Trayvon Martin and Limon Hossain: Innocence on Trial
by Tibra Ali for AlalODulal.org
I recently came across a chalked message on the sidewalk that summed up the media circus and the whole trial in one pithy remark: “Only in America does an innocent victim like Trayvon Martin have to stand trial for his own murder.” But the first thing that popped into my mind was how the “Only in America…” part is actually incorrect. In particular, I thought of the young Bangladeshi student Limon Hossain.
When Barack Obama was elected the president of the United States in 2009, I happened to be a lecturer at an evangelical Christian university in Central Texas. On this momentous occasion a few of my friends, curiously all of them white, Christian and Republican, declared that America has at last become a post-racial society. It’s not a view I shared; The America that I, a brown Bangladeshi man with a Muslim surname, saw was very different from the America that they saw.
If there were any doubts that Martin Luther King’s dream of the black man becoming the white man’s brother had suddenly become a reality the day Barack Obama became president was an illusion, it has certainly been shattered by the recent murder of the black teenager Trayvon Martin in Florida and the failure of the law of the land to deliver justice. Walking down the road of the Canadian city that I now live in, I recently came across a chalked message on the sidewalk that summed up the media circus and the whole trial in one pithy remark: “Only in America does an innocent victim like Trayvon Martin have to stand trial for his own murder.” How aptly put, I thought. Long live the world dreamed up by Franz Kafka, I sighed.
The United States seems divided today, mostly along racial lines, about whether the trial was about race or not, whether racial profiling played an important role or not, whether “stand your ground” laws support one racial group over another.
Whatever the truths are about these questions, I think that these issues go further than just the white/black divide. I know that many Bangladeshis living in the U.S. tend to think that they are not affected by civil rights issues and that somehow these issues only related to “them” – those African Americans. But they are wrong – civil rights issues are not an isolated island, they go hand in hand with the larger issues of human rights which includes a whole continuum of issues such as religious and sexual rights. In a sense, these Bangladeshis and other non-black minorities also buy into the white myth of a “post-racial” society when they distance themselves from cause of the likes of Trayvon Martin. However, whenever there is a hate-crime committed by members of the minority, the manifestations of fear by members of minority groups and the paranoia stirred up by the purveyors of bigotry clearly show the cracks in the wall that’s supposed to be this “post-racial” society. The likes of Pamela Geller, who infamously opposed the building of an Islamic community centre in Manhattan by labelling it as the “Ground Zero Mosque” and those who are preaching that their white kids be wary of “young black men” like Trayvon Martin belong to the same spectrum.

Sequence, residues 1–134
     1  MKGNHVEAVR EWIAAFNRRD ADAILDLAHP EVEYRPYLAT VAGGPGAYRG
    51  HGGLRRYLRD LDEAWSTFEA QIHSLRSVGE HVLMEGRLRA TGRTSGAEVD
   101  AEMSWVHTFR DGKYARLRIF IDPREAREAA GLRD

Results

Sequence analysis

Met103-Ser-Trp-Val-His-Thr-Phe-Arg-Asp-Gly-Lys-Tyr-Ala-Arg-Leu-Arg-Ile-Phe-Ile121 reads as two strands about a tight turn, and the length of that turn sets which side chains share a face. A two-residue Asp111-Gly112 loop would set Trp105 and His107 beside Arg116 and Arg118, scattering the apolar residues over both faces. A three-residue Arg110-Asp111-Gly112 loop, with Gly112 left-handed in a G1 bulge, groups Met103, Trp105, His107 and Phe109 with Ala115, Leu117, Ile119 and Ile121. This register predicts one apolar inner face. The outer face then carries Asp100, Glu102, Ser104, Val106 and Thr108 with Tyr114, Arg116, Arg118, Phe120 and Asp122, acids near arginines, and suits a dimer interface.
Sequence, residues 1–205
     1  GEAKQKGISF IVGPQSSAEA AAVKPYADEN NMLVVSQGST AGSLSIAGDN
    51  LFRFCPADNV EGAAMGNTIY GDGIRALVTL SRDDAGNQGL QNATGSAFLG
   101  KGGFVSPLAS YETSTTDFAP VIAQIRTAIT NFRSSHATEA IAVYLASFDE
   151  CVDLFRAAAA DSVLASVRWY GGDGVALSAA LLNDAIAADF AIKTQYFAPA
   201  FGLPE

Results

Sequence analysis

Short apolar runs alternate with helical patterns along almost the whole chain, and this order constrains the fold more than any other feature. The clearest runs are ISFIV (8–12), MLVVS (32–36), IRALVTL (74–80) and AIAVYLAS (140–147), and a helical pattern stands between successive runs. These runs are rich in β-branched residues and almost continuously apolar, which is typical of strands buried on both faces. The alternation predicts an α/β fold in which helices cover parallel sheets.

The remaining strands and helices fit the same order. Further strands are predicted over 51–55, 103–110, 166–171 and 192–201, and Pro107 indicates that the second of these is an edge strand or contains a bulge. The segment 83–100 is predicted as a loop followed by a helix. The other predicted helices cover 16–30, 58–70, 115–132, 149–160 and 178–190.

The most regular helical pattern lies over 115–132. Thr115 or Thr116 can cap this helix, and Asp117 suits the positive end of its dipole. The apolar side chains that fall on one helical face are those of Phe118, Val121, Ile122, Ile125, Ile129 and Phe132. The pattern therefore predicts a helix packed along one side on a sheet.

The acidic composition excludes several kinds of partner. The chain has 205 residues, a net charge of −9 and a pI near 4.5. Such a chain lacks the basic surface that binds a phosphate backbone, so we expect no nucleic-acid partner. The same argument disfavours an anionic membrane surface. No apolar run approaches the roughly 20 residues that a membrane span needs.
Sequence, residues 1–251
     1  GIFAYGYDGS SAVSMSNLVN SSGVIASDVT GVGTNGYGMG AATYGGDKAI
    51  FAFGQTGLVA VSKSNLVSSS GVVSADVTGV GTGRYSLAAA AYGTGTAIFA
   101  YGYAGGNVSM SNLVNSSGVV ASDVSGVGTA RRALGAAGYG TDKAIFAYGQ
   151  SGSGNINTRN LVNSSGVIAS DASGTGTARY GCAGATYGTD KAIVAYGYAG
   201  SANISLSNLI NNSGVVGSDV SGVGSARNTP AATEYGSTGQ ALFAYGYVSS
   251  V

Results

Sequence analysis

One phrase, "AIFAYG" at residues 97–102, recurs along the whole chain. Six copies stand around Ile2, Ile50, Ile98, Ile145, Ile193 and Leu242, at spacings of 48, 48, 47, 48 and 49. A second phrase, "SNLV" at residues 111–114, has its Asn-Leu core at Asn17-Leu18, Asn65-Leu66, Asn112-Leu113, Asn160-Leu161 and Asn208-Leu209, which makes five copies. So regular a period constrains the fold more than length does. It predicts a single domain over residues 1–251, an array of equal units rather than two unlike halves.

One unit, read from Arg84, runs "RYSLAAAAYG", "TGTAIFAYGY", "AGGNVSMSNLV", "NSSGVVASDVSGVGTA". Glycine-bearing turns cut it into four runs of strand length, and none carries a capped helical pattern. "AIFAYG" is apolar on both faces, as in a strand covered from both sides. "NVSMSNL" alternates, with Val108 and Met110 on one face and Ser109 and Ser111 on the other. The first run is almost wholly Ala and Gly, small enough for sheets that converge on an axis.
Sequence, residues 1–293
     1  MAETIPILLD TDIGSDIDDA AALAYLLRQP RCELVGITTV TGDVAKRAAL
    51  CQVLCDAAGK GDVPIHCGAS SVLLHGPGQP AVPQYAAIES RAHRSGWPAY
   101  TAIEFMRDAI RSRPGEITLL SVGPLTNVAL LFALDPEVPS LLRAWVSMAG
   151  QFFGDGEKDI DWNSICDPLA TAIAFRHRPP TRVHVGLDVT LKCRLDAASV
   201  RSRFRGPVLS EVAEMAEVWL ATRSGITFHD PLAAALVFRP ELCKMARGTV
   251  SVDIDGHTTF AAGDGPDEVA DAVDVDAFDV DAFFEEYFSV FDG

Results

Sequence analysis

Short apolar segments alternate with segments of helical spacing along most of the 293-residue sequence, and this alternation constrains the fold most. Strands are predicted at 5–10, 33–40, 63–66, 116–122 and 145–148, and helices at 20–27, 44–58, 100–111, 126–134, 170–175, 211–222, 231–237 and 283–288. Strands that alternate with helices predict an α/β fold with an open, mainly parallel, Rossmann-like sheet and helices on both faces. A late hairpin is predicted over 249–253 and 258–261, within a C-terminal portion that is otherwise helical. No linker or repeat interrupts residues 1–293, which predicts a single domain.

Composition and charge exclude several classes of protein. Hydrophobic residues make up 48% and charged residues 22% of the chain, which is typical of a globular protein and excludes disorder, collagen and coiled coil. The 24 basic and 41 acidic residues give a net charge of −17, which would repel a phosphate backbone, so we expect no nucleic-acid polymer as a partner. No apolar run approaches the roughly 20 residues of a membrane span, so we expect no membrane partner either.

Another memory from the time when I was working for the Christian university: a young Muslim female undergraduate student, who preferred to wear hijab, was assaulted on campus by an outsider one night. She was thrown on the ground and kicked while racial slurs were thrown at her. Although the university, which had always carefully managed its Christian image, issued a statement deploring the hate-crime, it nevertheless skirted the real issue: the statement was more concerned with how the incident took away from the “mission” of the university than anything else. The statement carefully avoided the word “Muslim”, and it was the only Jewish professor on Campus (a distinguished liberation theologian) who pointed out this hypocrisy of the university administration.
And meanwhile I see secretive hatred murdering the helpless
Under cover of night;
And justice weeping silently and furtively at power misused,
No hope of redress.
But when I first came across the above mentioned “chika” (Bengali for graffito) the first thing that popped into my mind was how the (rhetorical?) “Only in America…” part is actually incorrect. Innocence gets put on trial all the time and everywhere. Didn’t Tagore lament about the same thing in him famous poem about the problem of evil?
In particular, I thought of the young Bangladeshi student Limon Hossain who on the 23rd of March, 2011, was shot at point blank range by members of the law enforcement agency RAB (Rapid Action Battalion). Unlike most of RAB’s victims Limon survived but as a result of his injuries he lost his left leg. Later it turned out that this was a case of mistaken identity and RAB had planned to nab (and perhaps shoot at point blank range?) another, a Limon Hossain Jomaddar, who in addition to sharing the same name was also supposed to be wearing a red shirt as young Limon was wearing that day!